How To Paint Thrifted Furniture

How To Paint Thrifted Furniture

When I moved into my apartment, I was looking for a white and airy dresser with brass and lucite pulls. Let’s just say I knew exactly what I wanted. I actually fell in love with this Anthropologie version, but it was out of my budget. I looked high and low for an alternative option, but I couldn’t find the right fit.  So, I decided to create my own version. My first step was to find a workable wood dresser.

Insert thrifted dresser below:

Thrifted Wooden Dresser

This certainly wasn’t the best looking dresser know to mankind, but it had potential and that was what I needed. I bought this dresser from The Salvation Army for a whooping $50. I purchased it on a sale day and the store manager was feeling extra nice, so he gave me an additional 30% off. I was golden. Once I got this dresser back to my apartment, it honestly stayed in that same position for months. I never painted furniture before, so I felt overwhelmed every time I wanted to tackle the project. Finally, Labor Day weekend came and I knew this was the time to take the plunge. After some research and a couple of trips to Home Depot, I finally completed the project. Here is how I did it.

Step 1: Sand

Sand the heck out of that potentially beautiful piece of furniture. It’s important to sand the furniture first to strip away the previous shiny finish, so that the primer and paint can adhere properly. This is where I used my elbow grease the most. You can use regular sand paper that is like 120 grit or go easy on yourself and use an electric sander. I bought this sander, because I wanted the sanding to be quick and easy.  It did a good job, the only issue I had was that it came with 60 grit sand paper and I needed a higher grit, so I had to sand the dresser a couple of times to remove the previous finish.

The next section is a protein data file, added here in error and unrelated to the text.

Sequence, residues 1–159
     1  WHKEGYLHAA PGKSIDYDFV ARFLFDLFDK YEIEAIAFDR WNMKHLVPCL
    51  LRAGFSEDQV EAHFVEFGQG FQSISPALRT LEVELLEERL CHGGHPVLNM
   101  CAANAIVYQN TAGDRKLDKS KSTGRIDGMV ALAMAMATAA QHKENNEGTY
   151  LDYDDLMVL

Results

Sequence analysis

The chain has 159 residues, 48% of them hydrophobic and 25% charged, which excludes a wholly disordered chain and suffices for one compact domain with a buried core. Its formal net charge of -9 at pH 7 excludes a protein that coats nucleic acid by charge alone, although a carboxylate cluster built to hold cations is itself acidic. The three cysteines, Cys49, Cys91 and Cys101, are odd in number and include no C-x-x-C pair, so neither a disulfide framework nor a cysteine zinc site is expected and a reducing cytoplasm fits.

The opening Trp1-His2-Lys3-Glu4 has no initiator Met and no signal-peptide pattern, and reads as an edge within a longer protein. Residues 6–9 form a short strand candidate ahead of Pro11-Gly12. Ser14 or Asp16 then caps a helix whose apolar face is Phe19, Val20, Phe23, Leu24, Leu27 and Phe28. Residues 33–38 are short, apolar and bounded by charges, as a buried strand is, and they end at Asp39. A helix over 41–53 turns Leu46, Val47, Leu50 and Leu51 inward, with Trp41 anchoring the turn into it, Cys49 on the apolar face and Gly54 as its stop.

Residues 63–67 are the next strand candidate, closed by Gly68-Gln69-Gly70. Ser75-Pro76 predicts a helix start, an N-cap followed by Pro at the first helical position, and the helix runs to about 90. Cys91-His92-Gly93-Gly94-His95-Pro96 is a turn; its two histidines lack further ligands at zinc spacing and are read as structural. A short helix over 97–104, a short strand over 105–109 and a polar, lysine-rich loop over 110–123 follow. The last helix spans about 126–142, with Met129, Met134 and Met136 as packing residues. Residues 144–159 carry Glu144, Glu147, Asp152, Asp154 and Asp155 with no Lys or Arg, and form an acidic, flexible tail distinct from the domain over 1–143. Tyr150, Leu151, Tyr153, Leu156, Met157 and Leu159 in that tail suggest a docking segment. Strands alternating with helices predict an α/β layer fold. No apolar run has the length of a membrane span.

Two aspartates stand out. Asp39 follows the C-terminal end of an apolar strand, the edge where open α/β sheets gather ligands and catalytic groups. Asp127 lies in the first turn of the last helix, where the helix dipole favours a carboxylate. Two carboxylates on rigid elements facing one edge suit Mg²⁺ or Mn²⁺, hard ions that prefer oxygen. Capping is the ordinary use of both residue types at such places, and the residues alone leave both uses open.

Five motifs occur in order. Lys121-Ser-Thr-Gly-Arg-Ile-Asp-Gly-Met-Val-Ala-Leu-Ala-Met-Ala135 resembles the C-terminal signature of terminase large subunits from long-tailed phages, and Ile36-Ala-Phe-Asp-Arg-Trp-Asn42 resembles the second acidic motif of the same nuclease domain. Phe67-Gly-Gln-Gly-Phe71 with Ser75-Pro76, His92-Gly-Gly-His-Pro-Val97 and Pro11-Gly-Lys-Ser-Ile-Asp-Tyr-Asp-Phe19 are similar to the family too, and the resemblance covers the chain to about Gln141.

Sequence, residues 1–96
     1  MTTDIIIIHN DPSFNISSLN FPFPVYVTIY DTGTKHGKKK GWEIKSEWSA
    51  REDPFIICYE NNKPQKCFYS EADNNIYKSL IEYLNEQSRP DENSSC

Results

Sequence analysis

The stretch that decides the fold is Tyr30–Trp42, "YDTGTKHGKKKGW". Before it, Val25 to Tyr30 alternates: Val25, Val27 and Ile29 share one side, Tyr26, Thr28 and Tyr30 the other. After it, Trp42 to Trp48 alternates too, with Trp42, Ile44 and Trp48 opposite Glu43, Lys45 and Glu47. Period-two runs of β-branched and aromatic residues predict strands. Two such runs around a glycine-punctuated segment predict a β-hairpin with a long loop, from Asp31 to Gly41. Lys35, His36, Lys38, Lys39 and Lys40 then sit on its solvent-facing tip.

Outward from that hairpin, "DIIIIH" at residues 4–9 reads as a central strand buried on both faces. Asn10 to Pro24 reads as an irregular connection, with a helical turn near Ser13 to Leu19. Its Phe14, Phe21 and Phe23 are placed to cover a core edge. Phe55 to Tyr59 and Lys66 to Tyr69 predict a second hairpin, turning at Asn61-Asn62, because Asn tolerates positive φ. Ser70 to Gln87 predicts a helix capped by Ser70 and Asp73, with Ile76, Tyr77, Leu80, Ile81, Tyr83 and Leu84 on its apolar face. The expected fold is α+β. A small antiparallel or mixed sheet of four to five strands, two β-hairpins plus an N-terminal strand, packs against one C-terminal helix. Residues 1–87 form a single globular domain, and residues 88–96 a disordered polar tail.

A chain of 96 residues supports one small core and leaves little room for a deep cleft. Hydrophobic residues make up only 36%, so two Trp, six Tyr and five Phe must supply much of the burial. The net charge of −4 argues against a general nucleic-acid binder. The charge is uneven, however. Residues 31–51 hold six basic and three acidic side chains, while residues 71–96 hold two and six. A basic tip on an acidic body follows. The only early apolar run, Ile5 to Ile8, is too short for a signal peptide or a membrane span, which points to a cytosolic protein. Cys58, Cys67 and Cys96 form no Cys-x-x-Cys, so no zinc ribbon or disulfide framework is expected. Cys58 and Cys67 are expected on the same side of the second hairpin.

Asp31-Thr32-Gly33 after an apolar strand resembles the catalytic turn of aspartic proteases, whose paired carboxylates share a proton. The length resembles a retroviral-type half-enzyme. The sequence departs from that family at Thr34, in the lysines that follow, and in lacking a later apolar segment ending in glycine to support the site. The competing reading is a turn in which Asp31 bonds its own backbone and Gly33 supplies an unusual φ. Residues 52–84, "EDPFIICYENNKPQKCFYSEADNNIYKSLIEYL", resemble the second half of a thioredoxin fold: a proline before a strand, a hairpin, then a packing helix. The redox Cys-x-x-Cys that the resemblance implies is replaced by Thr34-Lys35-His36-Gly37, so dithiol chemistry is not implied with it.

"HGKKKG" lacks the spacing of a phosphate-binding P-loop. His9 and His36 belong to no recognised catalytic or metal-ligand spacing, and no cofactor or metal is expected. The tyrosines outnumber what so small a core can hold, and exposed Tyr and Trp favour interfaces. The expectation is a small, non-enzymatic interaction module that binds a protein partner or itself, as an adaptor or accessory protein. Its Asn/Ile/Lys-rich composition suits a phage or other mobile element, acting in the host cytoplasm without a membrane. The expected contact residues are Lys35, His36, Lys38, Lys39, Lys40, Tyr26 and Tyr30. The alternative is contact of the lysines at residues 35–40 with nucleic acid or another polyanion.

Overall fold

Step 2: Prime

Primed Furniture

You may want to skip this step because the paint you’re using has primer in the paint, but don’t. Especially, if you are painting a light color over furniture that previously had darker stain. You don’t want the old stain peeking through your freshly painted furniture. I used a paint brush for this step instead of a roller, because I wasn’t too concern about how neat it was going to look since I was going to paint over it. Once you have primed the furniture once, lightly sand it down again to smooth out any bumps or dripping.  Than you are ready to move on to the next step.

Step 3: Paint

After the primer has dried, you can paint the color of your choice.  I chose this Behr color, because of how crisp the white appeared.  I used a paint roller to apply the paint for a smooth and consistent application. I wanted to avoid brush strokes. It’s important to paint multiple light layers instead of one heavy layer. It will dry smoother. Remember to let the paint dry completely before painting another layer, so be patient. This step may take a whole day or two.

Step 4: Protect

After the paint has dried completely, apply the protectant of your choice. I used a spray on protectant, because it was easier for me to apply.  However, another alternative is a rub-on protectant that works just as well and probably even better. Follow directions for whatever protectant you decide to use.

Step 5: Add Hardware

Glass and brass pulls

This was my favorite part. I love focusing on the details. The glass and brass pulls were the statement piece for my dresser inspiration, so I was on the search for a similar alternative. I found these gorge pulls, which were more delicate, so it reflected my style better.  I love how the updated dresser turned out. It looks more modern.

I hope this step-by-step tutorial helped you tap into your creative genes.  Below is a cheat sheet for added reference. Don’t procrastinate like I did, go out and paint some furniture that is waiting to be beautify.

Tools for Painting Thrifted Furniture


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